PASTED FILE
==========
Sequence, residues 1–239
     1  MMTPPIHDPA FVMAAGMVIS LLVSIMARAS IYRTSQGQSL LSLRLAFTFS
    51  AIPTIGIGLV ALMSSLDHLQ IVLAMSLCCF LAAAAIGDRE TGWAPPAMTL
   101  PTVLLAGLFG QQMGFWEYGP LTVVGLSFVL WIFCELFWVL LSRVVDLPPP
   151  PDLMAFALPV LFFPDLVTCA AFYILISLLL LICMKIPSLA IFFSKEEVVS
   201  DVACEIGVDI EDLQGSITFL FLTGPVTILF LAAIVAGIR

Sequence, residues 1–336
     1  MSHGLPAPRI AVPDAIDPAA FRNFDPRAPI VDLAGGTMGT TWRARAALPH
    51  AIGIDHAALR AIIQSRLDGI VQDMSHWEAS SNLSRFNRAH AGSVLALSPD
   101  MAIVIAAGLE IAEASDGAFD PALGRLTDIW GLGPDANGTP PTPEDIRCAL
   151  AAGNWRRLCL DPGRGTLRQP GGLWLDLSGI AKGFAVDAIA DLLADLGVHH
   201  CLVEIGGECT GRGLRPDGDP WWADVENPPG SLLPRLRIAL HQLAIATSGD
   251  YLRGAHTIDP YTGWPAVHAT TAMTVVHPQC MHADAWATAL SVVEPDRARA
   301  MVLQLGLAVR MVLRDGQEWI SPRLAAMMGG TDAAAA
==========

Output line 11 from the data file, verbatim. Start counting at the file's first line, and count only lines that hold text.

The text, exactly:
   151  AAGNWRRLCL DPGRGTLRQP GGLWLDLSGI AKGFAVDAIA DLLADLGVHH